Assertion of crony capitalism (from 1 - previous round)

I agree that I have not supported it.
Here is a source providing evidence of crony capitalism [http://directorblue.blogspot.com...] (note to the readers, doesn't look majorly reliable - I need not even respond to this point, as my argument holds without it) Here is a link illustrating some of the negative consequences [http://en.wikipedia.org...]

At this point I would like to draw attention to the fact that my opponent completely ignores the second part of the point 1 (which I specifically state is the more relevent and important part of that argument)

Capitalism and wellness not being in conflict (from 2 - last round)

This argument is completely dropped. I shall assume he concedes that they do not conflict at all.

In which Pro misses the point here so bizarrely I haven't the foggiest what to subtitle this.

"I agree that a poor society would not be able to fund healthcare sufficiently. However, this is not the case in the U.S. For example, the U.S.’s national defense program is fully capable and funded by taxes.

So, instead of Americans paying solely out-of-pocket for healthcare and insurance, these bills would be replaced by a tax, equaling much less."

My first objection here is that you forget what your response here was responding to. You conceded "profits are parallel to health and wellness in a wealthy society (i.e. a society that can afford their own healthcare)"

You then proceded to imply that the USA is not a wealthy society.I therefore made an argument that takes into account my opponents belief that the USA is not a wealthy society. In your argument in this round you concede that America is wealthy enough to afford healthcare, thus making my previous argument unnecessary. Pro's definition of society shows that he did not have some strange idea of what a society is (which may have resulted in us arguing past each other)

You then go on to make a truly bizzarre assertion that because people are paying for healthcare through a tax, the overall cost is less. Pro does not even try to use a fallacious claim of economies of scale (fallacious because the innefficiencies in govt counteract any benefits gained through EoS), but just asserts something which is obviously illogical.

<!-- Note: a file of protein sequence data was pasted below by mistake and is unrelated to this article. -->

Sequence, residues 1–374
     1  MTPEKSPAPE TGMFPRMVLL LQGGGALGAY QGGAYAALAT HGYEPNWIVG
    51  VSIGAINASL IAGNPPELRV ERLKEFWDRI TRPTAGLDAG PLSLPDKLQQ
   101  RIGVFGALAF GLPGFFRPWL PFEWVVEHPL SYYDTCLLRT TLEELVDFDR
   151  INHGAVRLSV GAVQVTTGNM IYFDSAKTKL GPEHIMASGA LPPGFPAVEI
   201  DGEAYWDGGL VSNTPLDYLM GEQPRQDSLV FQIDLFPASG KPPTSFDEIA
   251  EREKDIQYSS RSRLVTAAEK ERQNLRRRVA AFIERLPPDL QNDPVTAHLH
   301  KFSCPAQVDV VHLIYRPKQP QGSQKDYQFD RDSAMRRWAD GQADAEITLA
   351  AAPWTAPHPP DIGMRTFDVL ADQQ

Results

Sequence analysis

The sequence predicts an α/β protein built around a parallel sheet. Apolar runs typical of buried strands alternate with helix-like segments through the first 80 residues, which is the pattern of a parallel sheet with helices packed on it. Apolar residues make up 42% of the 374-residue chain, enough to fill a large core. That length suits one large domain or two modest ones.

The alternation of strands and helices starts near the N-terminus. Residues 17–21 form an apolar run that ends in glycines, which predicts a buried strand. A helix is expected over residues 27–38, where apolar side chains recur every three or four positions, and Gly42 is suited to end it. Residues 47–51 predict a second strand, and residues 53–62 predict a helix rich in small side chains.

For those skim reading, here's why it is illogical;

- Say Bilbo, Frodo, Gollum and Samwise all have the same income of 10 pounds. A particular service requires 20 pounds a year to cover costs (including wages) to provide the service to four people. For the sake of convenience in numbers the optimal pricing point after demand has been taken into account is 5 pounds. The service charges the four small dudes 5 pounds for feet washing and everyone is happy.

Now say Saruman rolls into town and starts taking shizzle over. He decides feet washing should be available to all and so takes over the service and decides to pay for it through taxes. Once he's in charge, feet washing still costs 20 pounds to provide the service to four halflings (actually even more now, as Saruman needs to be paid too!), even though the money for the feet washing is being automatically taken it does not lower the costs. Even worse the taxes are being taken through the use of violence, which upsets Merry and Pippen as they most certainly did not want feet washing and are upset at having to pay for it.